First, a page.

DNR Reminds Anglers To Comply With National Saltwater Registry
Tournament participants could forfeit prizes if unregistered
Annapolis, Md. (July 2, 2010) - With Maryland’s spectacular coastal tournament season upon us, it’s important that all anglers understand and comply with the new National Saltwater Angler Registry requirement. The purpose of this mandatory registry is to create a directory that statisticians working for NOAA may use to compile meaningful information about recreational fishing impacts and contributions.
Anyone – INCLUDING TOURNAMENT PARTICIPANTS – who fishes in federal waters or who targets or catches anadromous species (saltwater fish that spawn in freshwater) must register.
Some anglers may already be registered or may be exempt:
- Anglers under 16 years old do not need to register.
- Anglers who fish on federally-licensed charter, party or guide boats do not need to register.
- Anglers named on an individual Highly Migratory Species Angling Category Permit are already registered. For HMS permit information, visit http://www.hmspermits.gov/.
- Anglers in possession of a fishing license from an exempt state are already in the directory and need not register. Maryland, New Jersey, Virginia, and Pennsylvania are not exempt states. Go to www.countmyfish.noaa.gov for a complete list of exempt states.
Registration is free of charge and takes less than three minutes on the phone or online. Go to www.countmyfish.noaa.gov or call 888-MRIP-411.
Anglers can register and fish the same day, as long as they keep a written record of their registration number as proof of compliance. A waterproof registration card will arrive soon by mail.
To ensure that our recreational fishing data are as accurate as possible, we need to work together to make sure that NOAA has information from ALL saltwater recreational anglers, regardless of how frequently they fish.
Maryland’s oceanside tournaments often target Highly Migratory Species, “rare event” fish that are especially important to account for.
Highly Migratory Species permits cover only the individual whose name is on the permit. All others onboard the boat must register unless they meet one of the exemptions.
Maryland does not require a charter boat license for Captains who take parties into the Atlantic from coastal ports to fish. Therefore, everyone on the boat, including the Captain and mate, must be individually registered in the National Saltwater Registry in order to fish legally.
Registration in the National Saltwater Registry is mandatory by federal law, and it’s also an important piece of the management challenge of ensuring long-term sustainability of saltwater fishing.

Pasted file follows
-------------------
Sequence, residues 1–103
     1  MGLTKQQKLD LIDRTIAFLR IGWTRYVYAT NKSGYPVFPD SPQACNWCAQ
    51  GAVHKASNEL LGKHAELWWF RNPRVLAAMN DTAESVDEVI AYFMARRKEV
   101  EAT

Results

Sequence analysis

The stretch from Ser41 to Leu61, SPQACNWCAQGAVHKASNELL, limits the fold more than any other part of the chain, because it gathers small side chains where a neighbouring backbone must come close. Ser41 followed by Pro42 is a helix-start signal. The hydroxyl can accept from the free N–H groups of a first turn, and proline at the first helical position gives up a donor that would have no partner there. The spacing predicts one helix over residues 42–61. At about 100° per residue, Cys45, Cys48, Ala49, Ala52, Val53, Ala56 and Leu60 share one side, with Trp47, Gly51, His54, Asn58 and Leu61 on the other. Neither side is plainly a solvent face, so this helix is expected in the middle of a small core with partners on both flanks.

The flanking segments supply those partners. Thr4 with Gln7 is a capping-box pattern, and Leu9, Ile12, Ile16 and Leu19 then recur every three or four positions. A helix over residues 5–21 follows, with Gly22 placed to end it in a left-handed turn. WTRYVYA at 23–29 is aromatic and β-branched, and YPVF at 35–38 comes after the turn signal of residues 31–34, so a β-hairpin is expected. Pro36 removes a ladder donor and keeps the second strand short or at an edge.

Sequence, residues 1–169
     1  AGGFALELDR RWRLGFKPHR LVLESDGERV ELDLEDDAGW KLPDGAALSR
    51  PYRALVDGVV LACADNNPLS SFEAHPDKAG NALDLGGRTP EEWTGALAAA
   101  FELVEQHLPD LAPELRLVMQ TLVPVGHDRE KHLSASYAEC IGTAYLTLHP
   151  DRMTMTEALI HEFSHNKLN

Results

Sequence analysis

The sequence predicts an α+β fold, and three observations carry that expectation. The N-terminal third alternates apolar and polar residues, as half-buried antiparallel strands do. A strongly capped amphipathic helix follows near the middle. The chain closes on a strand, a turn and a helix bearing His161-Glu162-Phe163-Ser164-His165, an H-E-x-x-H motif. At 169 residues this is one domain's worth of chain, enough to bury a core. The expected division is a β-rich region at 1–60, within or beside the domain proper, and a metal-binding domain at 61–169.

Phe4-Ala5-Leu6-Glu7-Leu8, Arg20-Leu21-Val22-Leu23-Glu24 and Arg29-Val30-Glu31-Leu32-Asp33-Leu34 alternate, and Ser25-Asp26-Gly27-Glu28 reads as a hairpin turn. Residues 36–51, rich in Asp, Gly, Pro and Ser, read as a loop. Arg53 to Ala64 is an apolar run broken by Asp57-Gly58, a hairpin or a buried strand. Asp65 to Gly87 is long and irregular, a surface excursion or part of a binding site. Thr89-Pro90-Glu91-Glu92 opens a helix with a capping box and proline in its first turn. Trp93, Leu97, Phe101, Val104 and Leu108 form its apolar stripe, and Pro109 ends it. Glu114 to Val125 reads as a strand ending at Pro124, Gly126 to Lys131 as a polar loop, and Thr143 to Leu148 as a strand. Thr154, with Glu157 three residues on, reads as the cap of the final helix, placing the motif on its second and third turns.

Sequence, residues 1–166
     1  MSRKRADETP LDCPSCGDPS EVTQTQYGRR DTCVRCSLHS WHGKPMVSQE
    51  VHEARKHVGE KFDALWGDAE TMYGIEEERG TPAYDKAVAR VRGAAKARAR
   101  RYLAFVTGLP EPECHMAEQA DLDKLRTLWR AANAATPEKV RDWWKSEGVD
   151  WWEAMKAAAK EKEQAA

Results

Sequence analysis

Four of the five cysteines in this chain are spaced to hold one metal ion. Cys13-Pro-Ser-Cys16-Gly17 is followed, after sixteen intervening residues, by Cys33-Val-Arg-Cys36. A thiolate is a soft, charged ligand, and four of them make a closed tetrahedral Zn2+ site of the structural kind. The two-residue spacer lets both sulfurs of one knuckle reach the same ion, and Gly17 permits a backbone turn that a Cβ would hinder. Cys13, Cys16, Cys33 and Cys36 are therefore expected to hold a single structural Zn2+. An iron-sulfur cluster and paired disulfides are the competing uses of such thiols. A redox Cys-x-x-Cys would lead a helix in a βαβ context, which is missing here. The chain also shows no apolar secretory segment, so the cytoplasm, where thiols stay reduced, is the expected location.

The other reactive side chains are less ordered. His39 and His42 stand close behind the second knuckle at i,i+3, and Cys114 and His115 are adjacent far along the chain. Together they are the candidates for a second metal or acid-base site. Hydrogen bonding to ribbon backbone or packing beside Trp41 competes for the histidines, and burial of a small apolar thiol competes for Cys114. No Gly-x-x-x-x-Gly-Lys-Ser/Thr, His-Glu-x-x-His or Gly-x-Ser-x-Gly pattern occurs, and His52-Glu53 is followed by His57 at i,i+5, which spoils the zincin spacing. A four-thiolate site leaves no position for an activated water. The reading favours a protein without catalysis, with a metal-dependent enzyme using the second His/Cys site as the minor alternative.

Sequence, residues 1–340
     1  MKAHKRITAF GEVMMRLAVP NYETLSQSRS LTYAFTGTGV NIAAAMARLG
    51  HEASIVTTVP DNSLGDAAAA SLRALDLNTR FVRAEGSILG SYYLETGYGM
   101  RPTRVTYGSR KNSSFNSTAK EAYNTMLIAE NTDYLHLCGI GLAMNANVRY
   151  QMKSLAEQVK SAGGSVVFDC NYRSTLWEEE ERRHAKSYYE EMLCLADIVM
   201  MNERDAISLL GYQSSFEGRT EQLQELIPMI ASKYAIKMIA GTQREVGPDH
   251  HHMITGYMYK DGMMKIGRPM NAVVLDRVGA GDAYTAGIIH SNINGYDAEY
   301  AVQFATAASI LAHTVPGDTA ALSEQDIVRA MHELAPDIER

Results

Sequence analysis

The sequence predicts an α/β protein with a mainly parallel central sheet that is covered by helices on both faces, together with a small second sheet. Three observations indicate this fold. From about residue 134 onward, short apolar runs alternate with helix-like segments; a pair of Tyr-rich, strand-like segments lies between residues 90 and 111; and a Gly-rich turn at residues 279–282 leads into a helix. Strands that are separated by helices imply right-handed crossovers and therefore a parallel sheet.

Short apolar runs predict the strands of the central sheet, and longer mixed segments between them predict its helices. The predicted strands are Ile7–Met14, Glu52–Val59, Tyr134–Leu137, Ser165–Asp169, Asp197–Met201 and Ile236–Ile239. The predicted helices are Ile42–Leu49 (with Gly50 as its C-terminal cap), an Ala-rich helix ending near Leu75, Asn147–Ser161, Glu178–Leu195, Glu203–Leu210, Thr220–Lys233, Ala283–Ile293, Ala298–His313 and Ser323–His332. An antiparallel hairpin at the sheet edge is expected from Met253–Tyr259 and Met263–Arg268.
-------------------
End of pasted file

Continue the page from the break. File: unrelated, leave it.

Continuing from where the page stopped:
Going forward into 2011, Maryland tidal and coastal anglers with the proper state fishing licenses will not need to register separately in the National Saltwater Registry. Maryland lawmakers were successful in session this spring at adjusting the Maryland fishing license program so that it will comply with NOAA’s requirement to include all anglers in the directory. When anglers purchase their bay and coastal licenses next year, they will be automatically registered. Beginning in 2011, coastal anglers will need to possess the same Maryland fishing license that bay anglers carry. Unlicensed guests onboard a boat with a Bay Sport License will need to register separately through the state license system at no charge so they may be included in the registry. The price of Maryland’s Chesapeake Bay and Coastal Sport Fishing License will be the same for residents in 2011 as is was in 2010—$15 or just $5 for anglers 65 years old and older.
|July 2, 2010||
Contact: Josh Davidsburg
The Maryland Department of Natural Resources (DNR), which is celebrating its 40th anniversary this year, is the state agency responsible for providing natural and living resource-related services to citizens and visitors. DNR manages more than 461,000 acres of public lands and 17,000 miles of waterways, along with Maryland's forests, fisheries, and wildlife for maximum environmental, economic and quality of life benefits. A national leader in land conservation, DNR-managed parks and natural, historic, and cultural resources attract 12 million visitors annually. DNR is the lead agency in Maryland's effort to restore the Chesapeake Bay, the state's number one environmental priority. Learn more at www.dnr.maryland.gov